Jenny’s Dad told a great story at Jenny’s funeral about their trip to Hawaii. Jenny wanted to “chase” the rainbow, not caring that they couldn’t ever really reach it. They took a car up one particularly large hill, and Jenny got out to see the spectacular view below. She climbed onto the roof of the car, stood up, and smiled. She stood there nearly an hour before she got down (and took off to have another adventure, I’m sure!). She never once complained, or even told me she was terminally ill (part of me always knew, though the rest of me starkly rejected the thought). I cherish my short time with her more than anything else. The last time I saw her, she wasn’t doing well, and it was getting late, so we sat on the couch and turned on a movie. I rested my head on her shoulder, and she leaned her head onto mine. I experienced something at that moment that’s hard to describe. Peace of mind. Contentment. If I could go back to that moment and stay there forever, I would. I’d never had a friend like Jenny. I’d never had someone who understood me, genuinely cared about me and how I felt. That loss is the hardest to bare. Someone who accepts you completely, as you are…I’d give anything for her to be here today

  • Trisha Cappello

    January 16th, 2014 at 2:46 PM

    Stephen, I find your articles to be truly inspiring, full of wisdom, compassion, very insightful, empathetic, filled with LOve and quite moving. This one touches home for me. I have experienced much loss in my life. A best friend in 20’s, my partner Julia of 14 years and a child (18) just recently. While also losing someone (a break up) I was and am still in love with. It’s loss and it hurts. Each experience has taught me a great deal about death and how loss is a part of our journey through life. No matter how many times you experience it, it never makes it any easier, but my heart is at peace knowing that we will one day be together again. I have learned that there is nothing to fear. I believe the more you can openly talk about death and loss, the more comforting it is, the more at peace your heart will be and the healing process puts back on your path to live the life we are meant to live. We each have a purpose here and when God/Universe believes our work is done, it’s time to go home. Death is end of our journey but we must live in the present moment appreciating all we have, living NOW, not taking anything or anyone for granted. Helping each other on this journey of life and Loving deeply and openly. Loss sucks, but it doesn’t define who we are or where we are going, it teaches us many things and helps us grow. Thank you for sharing your beautiful words.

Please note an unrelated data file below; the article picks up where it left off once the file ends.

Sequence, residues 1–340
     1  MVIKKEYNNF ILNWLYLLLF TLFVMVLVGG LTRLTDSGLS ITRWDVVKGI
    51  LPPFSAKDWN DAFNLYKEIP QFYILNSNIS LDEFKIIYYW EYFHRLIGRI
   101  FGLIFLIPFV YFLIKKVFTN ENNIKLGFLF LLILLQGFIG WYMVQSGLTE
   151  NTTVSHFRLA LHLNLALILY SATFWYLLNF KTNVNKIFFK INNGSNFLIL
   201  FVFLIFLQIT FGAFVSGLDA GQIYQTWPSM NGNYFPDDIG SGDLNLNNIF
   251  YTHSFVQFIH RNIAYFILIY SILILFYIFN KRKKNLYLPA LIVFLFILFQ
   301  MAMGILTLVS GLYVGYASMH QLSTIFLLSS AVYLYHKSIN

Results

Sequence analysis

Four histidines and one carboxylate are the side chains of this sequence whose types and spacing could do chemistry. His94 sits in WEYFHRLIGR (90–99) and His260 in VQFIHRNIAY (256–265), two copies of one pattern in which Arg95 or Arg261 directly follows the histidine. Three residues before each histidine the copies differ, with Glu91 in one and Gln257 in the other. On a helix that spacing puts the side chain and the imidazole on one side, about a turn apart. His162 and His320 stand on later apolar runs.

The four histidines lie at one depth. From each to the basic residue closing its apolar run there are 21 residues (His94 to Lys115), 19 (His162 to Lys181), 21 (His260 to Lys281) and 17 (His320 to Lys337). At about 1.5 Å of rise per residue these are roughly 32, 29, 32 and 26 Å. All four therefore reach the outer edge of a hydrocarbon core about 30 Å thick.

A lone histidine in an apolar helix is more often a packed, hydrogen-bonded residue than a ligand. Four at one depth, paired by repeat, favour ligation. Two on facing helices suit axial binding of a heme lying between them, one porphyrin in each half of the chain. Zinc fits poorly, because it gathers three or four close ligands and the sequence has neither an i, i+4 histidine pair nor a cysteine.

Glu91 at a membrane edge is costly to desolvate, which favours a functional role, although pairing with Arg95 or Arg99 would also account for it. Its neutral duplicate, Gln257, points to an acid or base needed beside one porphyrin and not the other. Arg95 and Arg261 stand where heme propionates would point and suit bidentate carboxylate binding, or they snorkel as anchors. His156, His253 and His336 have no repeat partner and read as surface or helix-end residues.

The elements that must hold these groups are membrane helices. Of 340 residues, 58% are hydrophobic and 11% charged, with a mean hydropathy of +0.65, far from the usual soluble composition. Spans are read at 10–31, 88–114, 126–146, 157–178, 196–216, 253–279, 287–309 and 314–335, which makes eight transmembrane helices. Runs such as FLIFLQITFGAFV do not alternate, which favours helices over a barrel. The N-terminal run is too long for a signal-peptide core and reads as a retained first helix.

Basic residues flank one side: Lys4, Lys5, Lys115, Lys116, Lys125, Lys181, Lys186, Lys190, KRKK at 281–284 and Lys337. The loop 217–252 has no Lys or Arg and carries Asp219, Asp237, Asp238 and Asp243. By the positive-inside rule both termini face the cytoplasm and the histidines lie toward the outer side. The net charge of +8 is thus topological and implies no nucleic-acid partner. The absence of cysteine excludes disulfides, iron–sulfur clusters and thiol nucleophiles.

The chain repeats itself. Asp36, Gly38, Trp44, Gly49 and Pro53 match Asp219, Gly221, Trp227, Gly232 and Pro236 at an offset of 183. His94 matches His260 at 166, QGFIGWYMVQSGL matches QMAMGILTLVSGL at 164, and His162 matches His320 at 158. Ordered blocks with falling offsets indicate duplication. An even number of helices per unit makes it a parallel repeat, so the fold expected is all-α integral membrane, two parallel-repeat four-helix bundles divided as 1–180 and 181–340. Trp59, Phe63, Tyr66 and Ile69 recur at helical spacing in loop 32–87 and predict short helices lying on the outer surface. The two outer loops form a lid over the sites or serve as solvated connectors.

• Candice

    September 14th, 2016 at 6:53 PM

    I am saddened to hear about the news of your son’s passing. Your outlook on life is inspiring. Wishing you the best always, in all you do and that surrounds you.